The Oberlin Review

Sports Budgets Should Address Women’s Disadvantages

Sami Mericle, Production Editor

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While reading two Review articles regarding the College’s failure to create a women and trans hour in Philips gym, I was faced with another instance of gender inequality within the realm of athletics at Oberlin. These articles (“Women, Trans, Non-Binary Gym Hour Cancelled” and “Gaining Accessibility: Weight Room Causes Anxiety for Many,” Feb. 19, 2016) refer to the sexism that women experience in the gym, and as a member of the Oberlin College softball team I can attest that these inequalities extend beyond the weight room and into athletics at Oberlin and Division III as a whole.

I should begin by saying that I love being a female athlete at Oberlin. For the most part, I feel entirely supported by the coaches, staff and administrators in the Athletics department. From school playgrounds up to the professional leagues, sports is an arena plagued with sexism, and I am grateful that our Athletics department does a great deal to resist it. But there are places where we could do better.

If you want to see some of these inequalities, take a walk out to the softball and baseball fields. Our softball field is beautiful: It’s flat, drains well and we have a shiny scoreboard that’s only a few years old. But the baseball field has all that and more; they also have a press box, a stadium with real seats, customized windscreens with action shots of the team and a neat row of trees behind their outfield fence. This isn’t the Athletics department’s fault, exactly. I’m sure that they award team budgets fairly and in accordance with Title IX laws. But on top of the budget given by the Athletic department, each team also does its own fundraising.

Naturally, a baseball team with 45 people on their roster is going to raise significantly more money than our softball team, which is going strong at 12. That means 33 more sets of relatives to solicit and a vast network of alumni to contribute — all in the context of a culture that legitimizes spending on men’s sports while too often regarding women’s as mere hobbies.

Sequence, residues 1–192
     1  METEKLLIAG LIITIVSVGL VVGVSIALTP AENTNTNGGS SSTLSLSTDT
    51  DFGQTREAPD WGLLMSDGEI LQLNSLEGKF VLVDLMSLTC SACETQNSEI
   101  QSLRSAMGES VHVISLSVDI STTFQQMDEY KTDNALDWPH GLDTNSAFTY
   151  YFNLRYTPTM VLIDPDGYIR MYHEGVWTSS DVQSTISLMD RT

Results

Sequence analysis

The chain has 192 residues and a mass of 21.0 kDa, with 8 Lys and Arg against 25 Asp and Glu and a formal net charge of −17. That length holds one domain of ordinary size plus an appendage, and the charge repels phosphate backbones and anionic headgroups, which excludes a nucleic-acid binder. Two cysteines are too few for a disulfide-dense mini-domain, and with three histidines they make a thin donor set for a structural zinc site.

That’s also how the football team can have a television, couch and armchairs in their locker room, and the men’s lacrosse team can afford to give their players free sweatshirts and sweatpants and catered meals after home games. At Oberlin, the stereotype about lacrosse being a sport for rich boys holds true, as the team’s parents provide many of the free things to which the players are treated. The men have 33 people on their roster, while women’s lacrosse only has 21. Meanwhile, on the softball team, our players have been expected to come up with hundreds of dollars each year to pay the team’s way to Florida. This trip isn’t a vacation but a necessity, as we play a quarter of the games in our season there while our home turf is covered in snow.

Then there are the small, individual actions taken directly by the Athletics department that all add up; much of it is promotional. Last fall, for instance, the football game against The College of Wooster was pegged as the grand opening of the Knowlton Athletics Complex, despite the fact that women’s field hockey actually played the first game on the new turf. The current cover photo of Oberlin College Athletics’ Facebook page was taken last winter when women’s basketball hosted their first home playoff game since 1990 — but the photo does not feature them. It shows instead a dozen football players in the normally barren stands. Then there are the towels that some of the men’s sports are offered for showering in season, while the women bring their own. Not to mention that for my job in Sports Medicine, I have spent hours pouring Gatorade and water into paper cups for the football team, a service that no other team receives.

These problems are not confined to Oberlin athletics. My team is lucky to even find a porta-potty by the softball field when we travel for away games, often having to jog over to the nearest bathroom, which is usually located — no surprise — by the baseball field. I’m certain female athletes at any other D-III school could share similar stories and worse. I haven’t even touched upon the inequalities trans athletes face.

As with affirmative action, this is a scenario in which overcompensation is necessary to fix centuries of discrimination against women in sports. Perhaps the athletic department should consider enacting policies that would balance the spending for men’s and women’s sports, taking into account individual team’s fundraising ability. The recruitment efforts for women’s teams should be bolstered to build the programs, and the student body can help by coming out to support women’s sports. The more excitement that is generated, the more seriously we’ll be taken.

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